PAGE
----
In fact, research published in Scaling up: the investor perspective by Innovate UK, showed that 84% of investors often turn down investment opportunities with scale-up businesses because of poor communication – so showing you can communicate well from your first conversation is important.

1. Designing your ‘Why’

Why your innovation matters to your customers.

Funders, investors, customers, collaborators, journalists and potential recruits are all interested in businesses that understand a clear customer need. You need to show why your innovation matters to your customers, not just to you. 

To do this, you need to review the customer-focused elements of your Story Canvas:

Funders, investors, customers, collaborators, journalists and potential recruits are all interested in businesses that understand a clear customer need. You need to show why your innovation matters to your customers, not just to you. 

To do this, you need to review the customer-focused elements of your Story Canvas:

‘Why’ Examples:

Note that you don’t have to give all the elements of your Why equal weight, Octopus Energy has an interesting Villain so they go heavy on that, while Apple has an interesting Hero, so they focus more on that element of their pitch.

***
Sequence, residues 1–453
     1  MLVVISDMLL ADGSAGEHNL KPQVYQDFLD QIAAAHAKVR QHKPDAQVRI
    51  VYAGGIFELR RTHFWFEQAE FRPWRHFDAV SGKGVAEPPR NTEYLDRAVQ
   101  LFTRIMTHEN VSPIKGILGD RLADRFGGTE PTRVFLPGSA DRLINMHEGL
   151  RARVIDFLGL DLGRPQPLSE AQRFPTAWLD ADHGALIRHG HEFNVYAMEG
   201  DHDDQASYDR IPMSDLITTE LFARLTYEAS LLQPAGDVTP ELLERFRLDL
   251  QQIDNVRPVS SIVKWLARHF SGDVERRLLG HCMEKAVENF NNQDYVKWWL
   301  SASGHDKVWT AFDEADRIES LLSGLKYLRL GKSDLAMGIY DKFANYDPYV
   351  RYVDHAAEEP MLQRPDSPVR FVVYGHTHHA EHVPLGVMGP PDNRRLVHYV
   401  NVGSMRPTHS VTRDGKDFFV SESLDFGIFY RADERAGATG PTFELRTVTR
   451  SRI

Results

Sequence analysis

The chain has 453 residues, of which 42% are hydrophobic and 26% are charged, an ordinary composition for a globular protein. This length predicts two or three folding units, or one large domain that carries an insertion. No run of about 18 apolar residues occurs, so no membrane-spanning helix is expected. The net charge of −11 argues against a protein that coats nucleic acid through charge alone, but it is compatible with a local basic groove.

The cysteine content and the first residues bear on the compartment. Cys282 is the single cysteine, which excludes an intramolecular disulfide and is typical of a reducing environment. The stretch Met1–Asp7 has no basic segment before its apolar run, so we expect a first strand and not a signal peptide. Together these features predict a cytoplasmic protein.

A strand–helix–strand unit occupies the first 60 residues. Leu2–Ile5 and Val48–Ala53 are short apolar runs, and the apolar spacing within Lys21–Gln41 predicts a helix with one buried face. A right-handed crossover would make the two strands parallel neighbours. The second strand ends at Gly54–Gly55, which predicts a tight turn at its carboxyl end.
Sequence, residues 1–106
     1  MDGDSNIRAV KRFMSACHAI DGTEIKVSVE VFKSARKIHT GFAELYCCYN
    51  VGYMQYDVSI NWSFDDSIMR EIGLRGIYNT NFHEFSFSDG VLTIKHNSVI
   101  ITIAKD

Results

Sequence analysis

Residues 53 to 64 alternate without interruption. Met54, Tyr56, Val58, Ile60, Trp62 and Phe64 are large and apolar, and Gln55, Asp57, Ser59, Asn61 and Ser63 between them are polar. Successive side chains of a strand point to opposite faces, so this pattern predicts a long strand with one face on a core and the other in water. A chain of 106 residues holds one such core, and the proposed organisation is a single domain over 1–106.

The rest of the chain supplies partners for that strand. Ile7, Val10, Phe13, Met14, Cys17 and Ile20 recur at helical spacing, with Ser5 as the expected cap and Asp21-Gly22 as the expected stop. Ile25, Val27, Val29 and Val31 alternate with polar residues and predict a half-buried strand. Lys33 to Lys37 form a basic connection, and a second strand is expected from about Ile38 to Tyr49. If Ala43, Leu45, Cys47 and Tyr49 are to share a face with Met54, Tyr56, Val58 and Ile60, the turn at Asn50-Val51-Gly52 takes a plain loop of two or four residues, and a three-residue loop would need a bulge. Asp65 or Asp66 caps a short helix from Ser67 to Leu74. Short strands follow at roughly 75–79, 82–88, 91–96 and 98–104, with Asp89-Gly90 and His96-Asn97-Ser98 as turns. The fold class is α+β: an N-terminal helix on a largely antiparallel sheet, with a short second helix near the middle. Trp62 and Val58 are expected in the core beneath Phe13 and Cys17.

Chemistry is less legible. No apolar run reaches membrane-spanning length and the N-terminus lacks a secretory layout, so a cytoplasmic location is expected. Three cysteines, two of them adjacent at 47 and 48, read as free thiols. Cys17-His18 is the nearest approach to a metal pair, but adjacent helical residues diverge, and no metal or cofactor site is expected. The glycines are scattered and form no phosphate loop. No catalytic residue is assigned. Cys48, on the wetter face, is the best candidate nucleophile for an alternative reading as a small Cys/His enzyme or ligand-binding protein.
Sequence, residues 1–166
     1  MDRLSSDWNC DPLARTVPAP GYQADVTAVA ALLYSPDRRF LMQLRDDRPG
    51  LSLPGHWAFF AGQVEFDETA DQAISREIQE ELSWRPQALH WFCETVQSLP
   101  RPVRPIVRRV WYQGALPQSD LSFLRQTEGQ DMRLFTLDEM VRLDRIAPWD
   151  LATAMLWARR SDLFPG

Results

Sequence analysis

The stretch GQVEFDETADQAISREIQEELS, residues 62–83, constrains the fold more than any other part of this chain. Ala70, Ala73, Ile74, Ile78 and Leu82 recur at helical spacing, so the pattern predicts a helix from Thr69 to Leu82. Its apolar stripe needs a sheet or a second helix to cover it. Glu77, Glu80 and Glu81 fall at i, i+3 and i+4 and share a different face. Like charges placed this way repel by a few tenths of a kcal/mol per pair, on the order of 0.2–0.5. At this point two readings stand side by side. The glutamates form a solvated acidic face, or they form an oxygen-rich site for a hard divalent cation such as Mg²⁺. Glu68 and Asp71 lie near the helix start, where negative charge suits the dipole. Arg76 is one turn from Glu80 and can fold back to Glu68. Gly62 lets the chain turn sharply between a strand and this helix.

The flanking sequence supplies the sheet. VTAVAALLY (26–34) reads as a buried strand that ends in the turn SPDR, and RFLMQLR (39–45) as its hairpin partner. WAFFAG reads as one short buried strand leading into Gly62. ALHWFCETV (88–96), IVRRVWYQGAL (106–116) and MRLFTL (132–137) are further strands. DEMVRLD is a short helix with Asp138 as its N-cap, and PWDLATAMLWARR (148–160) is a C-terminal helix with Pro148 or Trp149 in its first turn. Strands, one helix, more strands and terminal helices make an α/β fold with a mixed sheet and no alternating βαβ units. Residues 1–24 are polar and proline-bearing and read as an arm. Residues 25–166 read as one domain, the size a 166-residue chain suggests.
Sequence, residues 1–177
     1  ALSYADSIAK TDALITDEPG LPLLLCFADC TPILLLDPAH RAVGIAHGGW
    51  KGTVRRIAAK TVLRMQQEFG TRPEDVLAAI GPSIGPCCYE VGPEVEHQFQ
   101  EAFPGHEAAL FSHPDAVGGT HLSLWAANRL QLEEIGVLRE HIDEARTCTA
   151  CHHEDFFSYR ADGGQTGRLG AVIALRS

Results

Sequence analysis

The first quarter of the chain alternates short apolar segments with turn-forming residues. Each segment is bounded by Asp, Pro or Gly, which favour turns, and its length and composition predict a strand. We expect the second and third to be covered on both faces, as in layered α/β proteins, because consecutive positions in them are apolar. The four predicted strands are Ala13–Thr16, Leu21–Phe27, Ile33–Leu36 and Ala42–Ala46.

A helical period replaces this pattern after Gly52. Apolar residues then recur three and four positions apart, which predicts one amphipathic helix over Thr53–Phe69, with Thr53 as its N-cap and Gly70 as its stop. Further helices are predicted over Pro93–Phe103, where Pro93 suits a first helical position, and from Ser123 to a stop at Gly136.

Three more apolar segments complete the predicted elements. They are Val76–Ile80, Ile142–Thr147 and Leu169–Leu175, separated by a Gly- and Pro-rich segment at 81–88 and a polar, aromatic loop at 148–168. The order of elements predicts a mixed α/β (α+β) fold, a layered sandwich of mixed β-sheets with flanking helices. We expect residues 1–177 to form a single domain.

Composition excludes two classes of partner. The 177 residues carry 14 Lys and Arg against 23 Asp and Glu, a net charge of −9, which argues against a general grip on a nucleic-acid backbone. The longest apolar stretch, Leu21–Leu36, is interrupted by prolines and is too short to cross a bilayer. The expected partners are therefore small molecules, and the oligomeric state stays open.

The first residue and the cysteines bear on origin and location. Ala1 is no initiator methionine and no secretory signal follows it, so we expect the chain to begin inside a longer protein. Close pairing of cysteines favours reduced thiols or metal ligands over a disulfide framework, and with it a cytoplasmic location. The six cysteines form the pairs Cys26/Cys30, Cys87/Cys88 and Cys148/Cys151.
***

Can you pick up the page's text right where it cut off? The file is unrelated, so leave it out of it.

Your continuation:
2. Designing your ‘How’

HOW you approach things differently to others.

Now you’ve explained why the problem you’re solving is so important to your customers, you need to explain how you help solve that problem, in a way that is different to others.

To do this, you need to review elements of your Story canvas that are focused on you:

From the Mentor section of the canvas, you need to look for a unique viewpoint on the customer problem that lies at the heart of your business.  Behavioural scientist Robert Cialdini, who worked on Barack Obama’s 2012 presidential campaign, talks about the power of scarcity and credibility in his work on the science of persuasion.

People want things more when they feel scarce. Having a different approach to others (who might even have similar technologies) can make you more appealing.

We saw this in action first-hand when looking at the elevator pitches of global university brands.  All international universities have very similar Whys and Whats – tackling societies big problems and offering more fulfilling lives through education (Why), and excellent faculty, resources and research. What made the world’s top university brands standout was the implied scarcity of their Hows – only MIT focuses on world-changing advancements in science and technology, only Harvard says it creates leaders with competence and character, only Cambridge leverages its history to talk about academic freedom of thought and a questioning spirit. In fact, as you move down the Times Higher Education World Reputation Rankings, the Hows of the universities become less and less unique.